6 elements to include in your Privacy Program Scope and Charter

  1. Business teams and their requirements

  2. Global and local laws, regulations and standards driving compliance

  3. Risk tolerance levels, cultural expectations and perspectives - values regarding privacy

  4. Types of personal information collected, stored and processed

  5. Regulatory changes that need to be observed (for example in USA, this would be state law changes)

  6. Privacy challenges

Now you have a Privacy Program Scope, next create a Privacy Strategy

A privacy strategy lays out your organization’s privacy program. The privacy strategy explains WHY is privacy important to your organization.

Generally this strategy crossed multiple functions in your company therefore it is important to consider;

  1. Business alignment of goals

  2. Data governance of personal information

Often missed but CRITICAL - procedures for handling inquiries or complaints. ** We recommend you review our DSR App to help automate, track and simplify this process for you **

Now you have a Privacy Strategy, next create a Privacy Framework

A Privacy Framework is the structure that the privacy program will take. The framework provides a series of implementation road-maps that guide the privacy teams through privacy management. This framework also prompts and reminds them for all the details required for each privacy relevant decision.

3 elements of a privacy framework are;

  1. Laws, legal policies, regulations and programs. Laws you need to be aware of are;

    • PIPEDA - Candadian Personal Information Protection and Electronics Documents Act.

    • APPs - Australian Privacy Principles

    • EU-GDPR - European General Data Protection Regulation

    • EU-U.S. - Privacy Shield (a data transfer mechanism that replaced the safe harbor framework).

    • HIPAA - Health Insurance Portability and Accountability Act.

    • Example of a local legal framework is CNIL, France’s Commission.

  2. Principles, standards and guidelines. Examples of principles and standards you need to know about are;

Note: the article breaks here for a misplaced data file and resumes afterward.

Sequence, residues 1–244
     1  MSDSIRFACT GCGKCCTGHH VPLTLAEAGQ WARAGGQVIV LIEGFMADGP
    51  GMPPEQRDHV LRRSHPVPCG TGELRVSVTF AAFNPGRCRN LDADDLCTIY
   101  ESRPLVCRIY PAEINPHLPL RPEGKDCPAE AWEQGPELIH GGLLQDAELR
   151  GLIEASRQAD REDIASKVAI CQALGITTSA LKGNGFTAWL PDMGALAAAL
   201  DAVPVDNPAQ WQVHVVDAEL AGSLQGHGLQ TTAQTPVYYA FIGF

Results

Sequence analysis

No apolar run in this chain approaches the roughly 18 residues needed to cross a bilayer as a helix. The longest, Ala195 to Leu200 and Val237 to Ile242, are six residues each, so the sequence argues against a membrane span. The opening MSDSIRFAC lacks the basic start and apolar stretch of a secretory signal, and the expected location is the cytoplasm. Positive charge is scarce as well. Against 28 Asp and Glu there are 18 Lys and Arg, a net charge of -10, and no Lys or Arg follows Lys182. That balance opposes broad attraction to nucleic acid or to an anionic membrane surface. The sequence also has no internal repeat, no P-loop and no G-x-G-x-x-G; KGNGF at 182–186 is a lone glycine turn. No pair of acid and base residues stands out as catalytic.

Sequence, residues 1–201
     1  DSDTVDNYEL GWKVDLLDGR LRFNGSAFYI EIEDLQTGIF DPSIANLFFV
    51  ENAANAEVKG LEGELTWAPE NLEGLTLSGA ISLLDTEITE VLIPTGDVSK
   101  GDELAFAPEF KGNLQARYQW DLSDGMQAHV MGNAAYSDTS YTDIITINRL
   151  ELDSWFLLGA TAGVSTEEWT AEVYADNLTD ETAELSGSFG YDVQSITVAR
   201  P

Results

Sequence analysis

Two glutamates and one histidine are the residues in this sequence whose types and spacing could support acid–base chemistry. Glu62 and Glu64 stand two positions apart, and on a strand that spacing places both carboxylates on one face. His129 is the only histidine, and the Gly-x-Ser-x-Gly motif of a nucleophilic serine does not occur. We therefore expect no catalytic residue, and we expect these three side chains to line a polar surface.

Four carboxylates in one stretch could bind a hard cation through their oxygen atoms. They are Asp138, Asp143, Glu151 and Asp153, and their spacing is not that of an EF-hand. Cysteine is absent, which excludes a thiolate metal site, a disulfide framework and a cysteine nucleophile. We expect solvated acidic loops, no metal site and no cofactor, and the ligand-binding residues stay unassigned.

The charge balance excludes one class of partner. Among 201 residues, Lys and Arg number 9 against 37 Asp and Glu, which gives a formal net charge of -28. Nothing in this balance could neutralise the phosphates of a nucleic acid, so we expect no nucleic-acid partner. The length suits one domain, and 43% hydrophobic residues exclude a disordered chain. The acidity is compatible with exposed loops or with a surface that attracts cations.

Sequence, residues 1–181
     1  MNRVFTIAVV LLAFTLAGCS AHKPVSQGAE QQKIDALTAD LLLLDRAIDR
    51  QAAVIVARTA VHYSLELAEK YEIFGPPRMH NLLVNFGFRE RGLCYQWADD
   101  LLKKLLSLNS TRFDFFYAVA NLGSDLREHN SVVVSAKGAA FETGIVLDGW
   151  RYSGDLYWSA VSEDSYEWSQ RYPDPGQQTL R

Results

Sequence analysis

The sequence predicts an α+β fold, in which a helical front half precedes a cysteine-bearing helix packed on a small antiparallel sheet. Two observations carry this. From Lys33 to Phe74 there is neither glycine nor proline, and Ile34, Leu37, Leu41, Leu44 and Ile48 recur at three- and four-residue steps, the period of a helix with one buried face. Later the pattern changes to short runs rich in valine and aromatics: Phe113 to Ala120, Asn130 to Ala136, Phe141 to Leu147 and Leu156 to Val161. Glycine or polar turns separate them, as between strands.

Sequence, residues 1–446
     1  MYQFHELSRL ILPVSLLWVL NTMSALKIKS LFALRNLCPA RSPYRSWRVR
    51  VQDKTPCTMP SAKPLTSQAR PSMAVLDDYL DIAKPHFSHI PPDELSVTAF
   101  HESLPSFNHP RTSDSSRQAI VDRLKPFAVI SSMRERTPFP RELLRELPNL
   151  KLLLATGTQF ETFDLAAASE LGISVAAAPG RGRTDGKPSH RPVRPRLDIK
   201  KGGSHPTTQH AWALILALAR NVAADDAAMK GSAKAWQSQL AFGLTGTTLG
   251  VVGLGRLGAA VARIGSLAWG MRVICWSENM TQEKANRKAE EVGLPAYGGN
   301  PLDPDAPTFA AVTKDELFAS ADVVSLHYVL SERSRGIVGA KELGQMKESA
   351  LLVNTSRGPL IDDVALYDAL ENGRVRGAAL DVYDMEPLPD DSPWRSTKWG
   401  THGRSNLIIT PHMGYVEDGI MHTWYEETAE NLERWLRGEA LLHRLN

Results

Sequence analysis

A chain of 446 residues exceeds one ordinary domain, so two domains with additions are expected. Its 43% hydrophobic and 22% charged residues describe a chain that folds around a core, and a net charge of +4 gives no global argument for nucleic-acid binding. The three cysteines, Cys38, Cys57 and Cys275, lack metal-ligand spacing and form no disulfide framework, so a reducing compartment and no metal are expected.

• Fair Information Practice [FIPS] - these provide basic privacy principles that cross several modern frameworks such as EU-GDPR e.g. Rights of individuals, Controls on Information, Information Lifecycle and Management.

    • The organization for economic cooperation and development [OECD], protection of privacy and transborder flows of personal data.

    • The American Institute of Certified Public Accountants [AICPA], have a privacy task force and created the GAPP - Generally Accepted Privacy Principles.

    • The Canadian Standards Association [CSA].

    • The APEC Privacy Framework, enables Asia-Pacific data transfers.

    • Finally a topic we have focused on previously in our blog - BINDING CORPORATE RULES.

  3. Privacy Program activities - program plans (and sub-plans and tasks). Examples of solutions you need to be aware of are;

    • Privacy By Design - ensures privacy protection at every stage of product development

    • The National Institute of Standards and Technologies [NIST] - provides the concept of privacy in engineering and risk management in federal systems.

    • AICPA and CICA created WebTrust, once an accountant is certified they can conduct privacy evaluations.

    • Natuvion has a set of processes and templates that span the 99 articles to help with rapid program management and implementation of compliance both in your core SAP systems but also through a transformation program to S/4HANA.

  4. Organization communication plan to ensure continuous alignment to laws and regulations

The benefits of a privacy framework are;

  1. Risk Reduction - Avoid or plan for the risk of data loss, plan for an audit.

  2. Helps to sustain market value and reputation of your company

  3. Provides measurements/metrics for compliance to the law, regulation and standards.